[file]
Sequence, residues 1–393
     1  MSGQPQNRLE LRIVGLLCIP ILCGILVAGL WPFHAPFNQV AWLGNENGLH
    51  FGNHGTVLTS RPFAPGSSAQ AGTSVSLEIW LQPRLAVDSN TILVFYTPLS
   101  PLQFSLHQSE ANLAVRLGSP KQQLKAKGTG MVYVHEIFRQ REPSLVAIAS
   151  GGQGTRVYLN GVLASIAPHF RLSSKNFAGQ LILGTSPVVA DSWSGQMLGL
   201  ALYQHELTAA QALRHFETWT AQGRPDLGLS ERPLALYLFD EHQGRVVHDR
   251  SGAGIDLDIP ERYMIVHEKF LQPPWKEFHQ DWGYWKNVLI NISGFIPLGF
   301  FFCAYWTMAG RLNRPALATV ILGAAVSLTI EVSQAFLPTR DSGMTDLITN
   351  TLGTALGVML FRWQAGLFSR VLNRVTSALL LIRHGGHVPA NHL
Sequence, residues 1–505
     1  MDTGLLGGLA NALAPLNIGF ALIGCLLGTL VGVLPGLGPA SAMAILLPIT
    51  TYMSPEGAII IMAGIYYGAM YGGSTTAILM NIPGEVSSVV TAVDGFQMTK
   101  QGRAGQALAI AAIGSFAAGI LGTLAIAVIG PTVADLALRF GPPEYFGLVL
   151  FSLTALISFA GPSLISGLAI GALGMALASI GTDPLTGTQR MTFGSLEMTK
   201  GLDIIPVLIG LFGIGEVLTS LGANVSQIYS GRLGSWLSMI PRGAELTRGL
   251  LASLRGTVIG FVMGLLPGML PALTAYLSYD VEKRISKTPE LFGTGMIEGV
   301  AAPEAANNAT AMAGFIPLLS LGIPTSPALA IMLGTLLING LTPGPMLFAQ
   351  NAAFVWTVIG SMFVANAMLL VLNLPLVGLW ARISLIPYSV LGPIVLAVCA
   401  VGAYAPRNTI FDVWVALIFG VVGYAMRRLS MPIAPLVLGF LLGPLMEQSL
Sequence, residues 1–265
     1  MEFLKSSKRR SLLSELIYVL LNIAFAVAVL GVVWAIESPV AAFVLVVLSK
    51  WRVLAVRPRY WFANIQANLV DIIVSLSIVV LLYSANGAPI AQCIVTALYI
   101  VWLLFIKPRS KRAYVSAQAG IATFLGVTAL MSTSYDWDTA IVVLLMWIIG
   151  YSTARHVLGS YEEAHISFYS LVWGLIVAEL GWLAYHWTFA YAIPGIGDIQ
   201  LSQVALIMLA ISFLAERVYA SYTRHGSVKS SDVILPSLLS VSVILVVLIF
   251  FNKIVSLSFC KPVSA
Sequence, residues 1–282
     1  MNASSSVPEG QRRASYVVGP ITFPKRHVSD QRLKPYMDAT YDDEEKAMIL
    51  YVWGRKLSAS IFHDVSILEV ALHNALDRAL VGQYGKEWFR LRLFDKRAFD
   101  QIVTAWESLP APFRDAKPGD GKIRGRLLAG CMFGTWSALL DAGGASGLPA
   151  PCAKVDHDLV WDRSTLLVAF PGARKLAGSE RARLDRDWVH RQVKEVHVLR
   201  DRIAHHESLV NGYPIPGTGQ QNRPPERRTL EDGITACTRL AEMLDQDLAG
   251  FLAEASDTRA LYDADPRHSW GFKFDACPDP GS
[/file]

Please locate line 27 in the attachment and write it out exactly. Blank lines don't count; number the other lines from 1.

Sequence, residues 1–282